Anne Blair had been elected the new Chair of Equality Committee in place of Laura Miles in the recent elections from the new NEC. A number of new equality NEC members were welcomed to the committee.
There was an election for Vice Chair of the committee, between Jim Thakoordin and Pat Roche. Pat won this election.
One of the issues under matters arising was a report that the union’s new Equality banner had made its first appearance at the recent World Pride event in London.
It was also agreed at the meeting, following a proposal by Laura Miles, that a message of support should be sent to the Remploy workers on strike against redundancies and factory closures that day.
The committee received reports from each of the four members standing committees (LGBT, Black members, Women members, and Disabled members) and a report from the Head of the Equality Unit, Helen Carr. Under the LGBT members standing committee report Laura Miles drew the Committee’s attention to the worrying removal of voting rights from national equality reps in the FBU which had been reported to the TUC LGBT Conference in early July.
Jim Thakoordin moved a motion on behalf of the Black Members Standing Committee, in his name and that of Mumtaz Khan, which called for members to have the right to Black case workers if they requested one. This was opposed on the grounds that a very similar motion had already been defeated at Congress and that there were important questions of parity with other protected characteristics, as well as resource issues. The motion was defeated.
Helen Carr in her report noted that the union’s current representatives on TUC committees are now Paul Hambley for LGBT, Gargi Battacharrya for Black members, Pat Roche for Disabled members, and Maire Daley for Women members. These reps are being asked to provide written reports to every Equality Committee meeting and can present these in person if they wish to.
On the UCU’s own Single Equality Scheme the chairs of regional committees, devolved committees and others have been asked to ensure that this is an item on the agendas of meetings in the autumn.
Members of the Committee received a copy of the TUC Equality Law Update by Sally Brett. This is the TUC’s response to the government’s Red Tape Challenge and its review of the Public Sector Equality Duty. The report demonstrates how the government is weakening and undermining the infrastructure supporting equality, including cuts and reforms to the Equality and Human Rights Commission.
PCS and Unite are running a ‘Save the EHRC’ campaign and can be contacted via Natasha@pcs.org.uk and email@example.com
UCU is also part of a project with a number of other unions and Runnymede to monitor the equality impact of public service reform on workers.
The Committee also received a report on regional equality networks, which exist patchily at the moment.
There was a discussion about the implementation of Congress motions which fall within the remit of the Equality Committee. Two motions in particular (18 on Austerity and equality; and 19 on defending multiculturalism) call for the union to organise autumn conferences. There was discussion about the feasibility of doing this and the resources available. Some members of the committee proposed that the conferences could be subsumed within the annual conferences of the members standing committees or other events, but in the end the committee agreed to abide by the outcomes of the Congress decisions but to postpone the conferences until the Spring in light of the crowded agenda in the autumn due to the TUC demo in October and possible industrial action on pensions and pay in both FE and HE. This will be revisited at the next Equality Committee meeting.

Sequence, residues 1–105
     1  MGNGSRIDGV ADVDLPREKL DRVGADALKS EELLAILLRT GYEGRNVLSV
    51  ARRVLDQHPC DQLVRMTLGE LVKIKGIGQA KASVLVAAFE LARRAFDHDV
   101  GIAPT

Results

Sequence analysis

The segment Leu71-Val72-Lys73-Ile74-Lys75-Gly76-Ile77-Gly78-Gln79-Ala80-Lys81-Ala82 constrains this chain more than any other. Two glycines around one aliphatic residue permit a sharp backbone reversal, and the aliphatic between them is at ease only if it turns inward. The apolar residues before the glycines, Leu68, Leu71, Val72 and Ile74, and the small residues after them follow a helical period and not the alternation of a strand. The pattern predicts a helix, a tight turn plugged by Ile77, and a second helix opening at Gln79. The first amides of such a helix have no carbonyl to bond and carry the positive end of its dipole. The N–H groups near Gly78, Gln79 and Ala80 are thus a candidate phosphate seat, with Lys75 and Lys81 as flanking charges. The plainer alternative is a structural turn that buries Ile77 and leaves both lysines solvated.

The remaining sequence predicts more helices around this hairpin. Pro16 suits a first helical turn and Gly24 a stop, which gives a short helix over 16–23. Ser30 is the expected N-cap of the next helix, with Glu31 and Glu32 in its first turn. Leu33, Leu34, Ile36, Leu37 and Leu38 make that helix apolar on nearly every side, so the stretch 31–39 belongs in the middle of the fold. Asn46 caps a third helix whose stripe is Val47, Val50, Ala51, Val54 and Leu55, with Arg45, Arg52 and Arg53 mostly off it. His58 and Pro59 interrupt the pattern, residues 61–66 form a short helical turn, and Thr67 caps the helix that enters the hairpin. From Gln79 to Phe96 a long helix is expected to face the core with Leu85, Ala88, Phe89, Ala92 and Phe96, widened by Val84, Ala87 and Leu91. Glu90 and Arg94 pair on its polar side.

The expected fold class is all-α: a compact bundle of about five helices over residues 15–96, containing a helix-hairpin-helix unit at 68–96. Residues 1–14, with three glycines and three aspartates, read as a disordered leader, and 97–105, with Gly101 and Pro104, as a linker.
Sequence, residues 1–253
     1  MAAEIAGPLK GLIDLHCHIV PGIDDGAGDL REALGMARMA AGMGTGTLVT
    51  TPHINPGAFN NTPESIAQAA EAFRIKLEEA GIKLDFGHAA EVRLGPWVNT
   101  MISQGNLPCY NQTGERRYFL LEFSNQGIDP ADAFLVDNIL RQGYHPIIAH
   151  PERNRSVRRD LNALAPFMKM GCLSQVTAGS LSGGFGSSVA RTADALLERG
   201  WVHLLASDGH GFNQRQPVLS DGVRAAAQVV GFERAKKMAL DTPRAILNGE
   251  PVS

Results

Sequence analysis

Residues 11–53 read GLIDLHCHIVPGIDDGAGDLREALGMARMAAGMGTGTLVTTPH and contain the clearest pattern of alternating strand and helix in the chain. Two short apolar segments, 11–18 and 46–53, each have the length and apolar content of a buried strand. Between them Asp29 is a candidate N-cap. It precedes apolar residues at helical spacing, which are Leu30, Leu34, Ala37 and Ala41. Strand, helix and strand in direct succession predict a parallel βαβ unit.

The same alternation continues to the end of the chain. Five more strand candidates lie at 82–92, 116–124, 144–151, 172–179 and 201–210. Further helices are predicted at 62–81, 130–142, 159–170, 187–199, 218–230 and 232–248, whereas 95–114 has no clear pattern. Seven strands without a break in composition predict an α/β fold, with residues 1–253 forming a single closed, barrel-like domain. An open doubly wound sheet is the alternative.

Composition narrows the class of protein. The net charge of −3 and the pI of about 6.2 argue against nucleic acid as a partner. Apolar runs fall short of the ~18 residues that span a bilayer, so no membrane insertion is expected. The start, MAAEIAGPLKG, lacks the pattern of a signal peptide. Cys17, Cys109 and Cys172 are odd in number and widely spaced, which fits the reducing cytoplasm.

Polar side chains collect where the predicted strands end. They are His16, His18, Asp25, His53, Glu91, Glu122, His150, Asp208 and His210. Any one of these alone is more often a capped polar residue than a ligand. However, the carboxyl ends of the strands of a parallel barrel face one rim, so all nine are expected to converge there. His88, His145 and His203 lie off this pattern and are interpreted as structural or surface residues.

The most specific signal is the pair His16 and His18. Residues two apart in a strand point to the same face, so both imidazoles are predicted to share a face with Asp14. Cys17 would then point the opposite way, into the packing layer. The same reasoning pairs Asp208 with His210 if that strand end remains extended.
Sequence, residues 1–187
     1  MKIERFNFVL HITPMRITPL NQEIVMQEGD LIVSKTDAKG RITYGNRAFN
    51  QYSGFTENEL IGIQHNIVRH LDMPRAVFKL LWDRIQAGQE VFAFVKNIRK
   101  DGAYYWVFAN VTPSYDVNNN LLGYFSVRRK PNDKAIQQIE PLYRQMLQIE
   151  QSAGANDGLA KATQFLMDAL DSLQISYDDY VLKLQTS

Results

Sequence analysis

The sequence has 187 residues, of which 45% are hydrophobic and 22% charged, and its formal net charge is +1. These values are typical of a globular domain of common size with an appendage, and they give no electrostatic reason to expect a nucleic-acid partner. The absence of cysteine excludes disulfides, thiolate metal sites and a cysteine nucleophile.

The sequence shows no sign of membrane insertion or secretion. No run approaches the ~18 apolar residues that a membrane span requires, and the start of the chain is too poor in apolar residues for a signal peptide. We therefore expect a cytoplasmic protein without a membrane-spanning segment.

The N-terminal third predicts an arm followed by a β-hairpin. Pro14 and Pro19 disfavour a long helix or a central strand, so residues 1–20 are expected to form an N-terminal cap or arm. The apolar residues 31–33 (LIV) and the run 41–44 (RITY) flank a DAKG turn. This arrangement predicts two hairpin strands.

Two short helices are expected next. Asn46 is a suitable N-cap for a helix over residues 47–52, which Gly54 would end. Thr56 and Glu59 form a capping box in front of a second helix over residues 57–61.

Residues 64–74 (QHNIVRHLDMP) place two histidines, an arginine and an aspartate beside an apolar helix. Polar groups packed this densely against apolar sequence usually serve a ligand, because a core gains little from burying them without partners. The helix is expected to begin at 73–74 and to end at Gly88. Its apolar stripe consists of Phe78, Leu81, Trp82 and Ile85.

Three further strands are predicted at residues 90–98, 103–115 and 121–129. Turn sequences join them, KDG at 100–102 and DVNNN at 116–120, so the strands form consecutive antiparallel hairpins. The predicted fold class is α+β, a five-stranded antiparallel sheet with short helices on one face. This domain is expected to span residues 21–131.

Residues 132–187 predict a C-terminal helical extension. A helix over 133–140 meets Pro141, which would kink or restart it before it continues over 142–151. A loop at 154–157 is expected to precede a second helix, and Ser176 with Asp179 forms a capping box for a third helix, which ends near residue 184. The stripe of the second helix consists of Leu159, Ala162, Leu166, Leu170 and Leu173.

There was a discussion about National Holocaust Memorial Day and how to commemorate this next year. The turnout at the conference in 2012 had been disappointing. It was agreed that options would be explored at the next meeting including consideration of regional events.
Finally, committee members were asked to consider a document on communication protocols. It is intended, apparently, to circulate such a document throughout the union. It was argued that this was necessary to remind union members about dignity at work issues for union staff, and about the potential for inappropriate and bullying behaviour via email etc. There are now a number of email forums in existence in the union.
There was some discussion about the obvious grey areas in this. One person’s robust discussion and communication could be another person’s intimidation. A number of members complained about heckling at Congress, but others pointed out that this was often traditional in trade union and political meetings.
There was disquiet from some members (including UCU Left members) about one sentence in particular in the protocol which said “Unreasonable behaviour is where other members or staff feel intimidated, threatened or abused.” This was felt to be too much of a catch all position and there needed to be some recognition of the need for evidence in such situations. It was agreed that an alternative phrase would be sought to reflect this point.